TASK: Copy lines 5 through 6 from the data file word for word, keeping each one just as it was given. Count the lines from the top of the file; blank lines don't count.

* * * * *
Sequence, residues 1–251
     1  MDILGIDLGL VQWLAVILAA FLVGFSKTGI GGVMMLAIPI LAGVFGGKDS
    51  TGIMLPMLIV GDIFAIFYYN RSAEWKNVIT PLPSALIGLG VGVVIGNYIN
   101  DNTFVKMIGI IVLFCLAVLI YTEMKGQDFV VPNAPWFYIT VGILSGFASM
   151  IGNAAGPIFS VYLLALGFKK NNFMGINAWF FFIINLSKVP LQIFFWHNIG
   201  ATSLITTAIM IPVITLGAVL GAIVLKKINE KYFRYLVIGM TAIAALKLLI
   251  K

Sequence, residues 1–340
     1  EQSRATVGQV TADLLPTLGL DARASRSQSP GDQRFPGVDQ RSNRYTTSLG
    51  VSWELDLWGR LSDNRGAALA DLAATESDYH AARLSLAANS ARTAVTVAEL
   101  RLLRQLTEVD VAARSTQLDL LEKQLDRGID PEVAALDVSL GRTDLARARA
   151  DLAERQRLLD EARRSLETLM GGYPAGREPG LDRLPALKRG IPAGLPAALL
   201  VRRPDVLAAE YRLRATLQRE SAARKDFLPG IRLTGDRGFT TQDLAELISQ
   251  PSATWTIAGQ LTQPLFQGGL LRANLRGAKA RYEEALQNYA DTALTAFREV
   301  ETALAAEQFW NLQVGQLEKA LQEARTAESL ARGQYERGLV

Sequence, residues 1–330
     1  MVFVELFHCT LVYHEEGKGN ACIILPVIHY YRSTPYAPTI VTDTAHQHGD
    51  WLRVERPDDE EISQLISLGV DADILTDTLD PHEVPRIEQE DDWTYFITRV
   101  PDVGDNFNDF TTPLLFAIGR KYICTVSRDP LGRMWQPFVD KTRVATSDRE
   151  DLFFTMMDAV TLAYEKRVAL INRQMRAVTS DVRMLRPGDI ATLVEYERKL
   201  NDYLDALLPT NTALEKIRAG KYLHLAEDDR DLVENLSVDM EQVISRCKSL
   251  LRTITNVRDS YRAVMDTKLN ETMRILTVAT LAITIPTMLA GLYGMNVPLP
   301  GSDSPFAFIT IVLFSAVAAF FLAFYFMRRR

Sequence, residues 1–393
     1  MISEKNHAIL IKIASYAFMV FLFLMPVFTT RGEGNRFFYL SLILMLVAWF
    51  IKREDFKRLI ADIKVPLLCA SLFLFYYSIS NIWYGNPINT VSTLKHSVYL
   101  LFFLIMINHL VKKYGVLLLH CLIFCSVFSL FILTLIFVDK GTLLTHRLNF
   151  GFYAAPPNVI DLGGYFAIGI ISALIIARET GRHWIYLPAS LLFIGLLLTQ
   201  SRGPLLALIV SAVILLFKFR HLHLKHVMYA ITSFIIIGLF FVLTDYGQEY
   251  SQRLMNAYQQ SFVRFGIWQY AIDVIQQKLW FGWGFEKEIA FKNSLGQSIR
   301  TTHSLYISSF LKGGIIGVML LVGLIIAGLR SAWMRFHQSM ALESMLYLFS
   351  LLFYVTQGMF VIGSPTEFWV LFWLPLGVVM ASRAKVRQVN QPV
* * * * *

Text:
   151  IGNAAGPIFS VYLLALGFKK NNFMGINAWF FFIINLSKVP LQIFFWHNIG
   201  ATSLITTAIM IPVITLGAVL GAIVLKKINE KYFRYLVIGM TAIAALKLLI